October 14, 2006 Dr. Susan Evans, "Unraveling the Net
Jaguar, An Enigmatic Motif of the International House in Teotihuacan"
Teotihuacan was the
first great city of the New World, yet there is still much about
it that remains mysterious. We know that the city influenced
other Mesoamerican cultures distant from the Highlands of Central
Mexico, and hosted people from afar, but the nature of these ties is
not well understood. We also know that the city underwent an
internal reorganization that seems to have amounted to a revolution,
resulting in the construction of several thousand apartment compounds
on a gridded plan, and giving rise to new kinds of iconography:
the jaguar becomes an essential player in the Teotihuacan cosmos.
Jaguars are common in Teotihuacan mural art, and in the art of many
Mesoamerican cultures, but only at Teotihuacan do we see a jaguar whose
body is a net. Dr Evans explored this
image, looking into the context of the Tetitla compound, and the
International House in Teotihuacan, to understand what message the net
jaguar figure was trying to convey.
Evans received her Ph.D. from Pennsylvania State University with a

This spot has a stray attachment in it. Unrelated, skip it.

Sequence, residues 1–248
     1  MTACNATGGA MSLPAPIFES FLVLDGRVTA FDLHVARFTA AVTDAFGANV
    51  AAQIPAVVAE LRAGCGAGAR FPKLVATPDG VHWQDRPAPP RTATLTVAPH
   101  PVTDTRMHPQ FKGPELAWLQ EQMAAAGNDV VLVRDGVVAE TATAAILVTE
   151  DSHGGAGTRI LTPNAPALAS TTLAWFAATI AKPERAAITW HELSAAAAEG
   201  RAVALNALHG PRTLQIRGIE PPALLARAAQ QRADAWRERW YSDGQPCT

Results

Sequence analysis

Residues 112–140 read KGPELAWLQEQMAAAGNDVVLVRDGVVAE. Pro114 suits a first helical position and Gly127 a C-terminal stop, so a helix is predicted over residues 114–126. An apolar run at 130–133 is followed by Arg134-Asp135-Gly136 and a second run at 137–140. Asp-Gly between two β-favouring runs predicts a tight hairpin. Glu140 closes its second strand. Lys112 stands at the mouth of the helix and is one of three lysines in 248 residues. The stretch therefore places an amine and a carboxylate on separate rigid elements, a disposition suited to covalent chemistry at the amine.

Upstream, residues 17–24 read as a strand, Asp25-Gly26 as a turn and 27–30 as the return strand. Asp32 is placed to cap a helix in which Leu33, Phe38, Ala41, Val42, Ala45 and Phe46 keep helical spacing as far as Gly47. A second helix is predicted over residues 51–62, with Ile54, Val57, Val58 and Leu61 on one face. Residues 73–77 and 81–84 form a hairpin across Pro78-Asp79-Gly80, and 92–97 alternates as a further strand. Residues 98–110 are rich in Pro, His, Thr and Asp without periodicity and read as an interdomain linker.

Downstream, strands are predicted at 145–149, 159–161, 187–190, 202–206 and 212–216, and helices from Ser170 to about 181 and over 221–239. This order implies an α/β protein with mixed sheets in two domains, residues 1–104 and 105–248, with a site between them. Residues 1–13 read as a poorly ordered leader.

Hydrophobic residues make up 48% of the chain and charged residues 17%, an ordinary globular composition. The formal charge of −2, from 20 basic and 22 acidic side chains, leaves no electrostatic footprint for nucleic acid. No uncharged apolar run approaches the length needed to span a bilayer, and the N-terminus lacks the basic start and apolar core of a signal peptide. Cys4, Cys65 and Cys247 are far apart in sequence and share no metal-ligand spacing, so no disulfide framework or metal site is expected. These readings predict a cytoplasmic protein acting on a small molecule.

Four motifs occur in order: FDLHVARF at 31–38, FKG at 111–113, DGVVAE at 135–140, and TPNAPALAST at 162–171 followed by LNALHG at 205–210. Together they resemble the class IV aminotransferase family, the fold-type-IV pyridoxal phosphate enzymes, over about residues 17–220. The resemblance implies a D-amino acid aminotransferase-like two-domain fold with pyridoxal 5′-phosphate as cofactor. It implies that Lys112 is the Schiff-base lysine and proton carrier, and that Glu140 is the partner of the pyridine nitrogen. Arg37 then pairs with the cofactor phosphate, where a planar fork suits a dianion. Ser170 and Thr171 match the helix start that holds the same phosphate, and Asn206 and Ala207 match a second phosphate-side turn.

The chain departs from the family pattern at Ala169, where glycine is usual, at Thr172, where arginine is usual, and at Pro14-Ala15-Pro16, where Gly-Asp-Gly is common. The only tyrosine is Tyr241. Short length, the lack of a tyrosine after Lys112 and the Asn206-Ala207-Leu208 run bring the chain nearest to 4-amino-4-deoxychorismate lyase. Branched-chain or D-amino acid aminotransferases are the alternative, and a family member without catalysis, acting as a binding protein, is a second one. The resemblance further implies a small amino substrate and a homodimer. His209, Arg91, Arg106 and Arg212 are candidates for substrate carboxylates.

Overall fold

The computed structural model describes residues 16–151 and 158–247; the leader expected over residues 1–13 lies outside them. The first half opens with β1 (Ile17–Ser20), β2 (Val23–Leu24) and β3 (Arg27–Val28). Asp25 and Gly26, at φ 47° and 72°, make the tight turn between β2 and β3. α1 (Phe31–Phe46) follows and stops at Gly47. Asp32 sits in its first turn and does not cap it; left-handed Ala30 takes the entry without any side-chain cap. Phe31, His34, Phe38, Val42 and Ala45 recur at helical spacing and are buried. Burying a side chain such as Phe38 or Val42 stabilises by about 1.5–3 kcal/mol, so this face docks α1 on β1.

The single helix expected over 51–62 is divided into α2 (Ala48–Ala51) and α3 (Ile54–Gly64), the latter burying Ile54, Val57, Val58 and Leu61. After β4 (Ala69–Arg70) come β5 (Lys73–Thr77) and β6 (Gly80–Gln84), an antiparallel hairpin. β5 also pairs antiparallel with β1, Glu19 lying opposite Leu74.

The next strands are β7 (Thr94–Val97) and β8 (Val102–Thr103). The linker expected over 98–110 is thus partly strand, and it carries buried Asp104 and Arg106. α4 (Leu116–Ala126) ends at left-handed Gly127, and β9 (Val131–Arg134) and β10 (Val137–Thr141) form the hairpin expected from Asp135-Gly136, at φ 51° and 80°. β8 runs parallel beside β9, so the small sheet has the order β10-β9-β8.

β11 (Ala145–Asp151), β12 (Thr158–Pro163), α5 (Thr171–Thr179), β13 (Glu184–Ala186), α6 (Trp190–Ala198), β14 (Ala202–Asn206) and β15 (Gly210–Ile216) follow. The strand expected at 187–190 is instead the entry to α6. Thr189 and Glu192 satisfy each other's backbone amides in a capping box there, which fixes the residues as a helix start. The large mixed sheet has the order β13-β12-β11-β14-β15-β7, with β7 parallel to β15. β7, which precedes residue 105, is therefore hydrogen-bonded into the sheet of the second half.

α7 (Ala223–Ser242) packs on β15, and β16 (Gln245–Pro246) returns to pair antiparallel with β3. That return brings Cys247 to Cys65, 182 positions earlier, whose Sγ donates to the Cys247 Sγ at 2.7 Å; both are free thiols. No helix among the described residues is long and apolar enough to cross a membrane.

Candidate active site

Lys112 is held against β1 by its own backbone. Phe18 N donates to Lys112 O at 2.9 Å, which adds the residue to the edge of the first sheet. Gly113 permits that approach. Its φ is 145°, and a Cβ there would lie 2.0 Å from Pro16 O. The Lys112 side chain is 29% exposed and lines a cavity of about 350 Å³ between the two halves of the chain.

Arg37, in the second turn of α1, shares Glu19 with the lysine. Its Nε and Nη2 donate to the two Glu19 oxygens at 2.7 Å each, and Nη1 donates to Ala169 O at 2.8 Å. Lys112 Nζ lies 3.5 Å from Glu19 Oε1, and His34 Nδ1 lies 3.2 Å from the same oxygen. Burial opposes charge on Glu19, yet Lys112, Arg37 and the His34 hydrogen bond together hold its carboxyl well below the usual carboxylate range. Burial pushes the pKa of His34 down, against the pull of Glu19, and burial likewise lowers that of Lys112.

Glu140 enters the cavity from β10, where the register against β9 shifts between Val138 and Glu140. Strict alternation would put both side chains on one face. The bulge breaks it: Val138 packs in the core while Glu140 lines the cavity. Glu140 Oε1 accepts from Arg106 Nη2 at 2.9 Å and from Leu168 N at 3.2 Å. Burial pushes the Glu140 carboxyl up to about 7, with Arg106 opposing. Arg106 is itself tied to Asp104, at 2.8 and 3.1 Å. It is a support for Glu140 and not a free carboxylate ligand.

dissertation on agricultural productivity in the Teotihuacan Valley of
Mexico during the Late Postclassic, or Aztec period. Her research
at the Teotihuacan Valley village site of Cihuatecpan resulted in the
only completely excavated Aztec palace in the Aztec heartland, and her
further research into Aztec palaces led to a symposium at Dumbarton
Oaks, organized with Joanne Pillsbury. They are co-editors of the
symposium volume, Palaces of the Ancient New World. Evans
co-edited with David Webster Archaeology of Ancient Mexico and Central
America, an Encyclopedia, and her recent book Ancient Mexico and
Central America: Archaeology and Culture History won 2005 Book Award of
the Society for American Archaeology.
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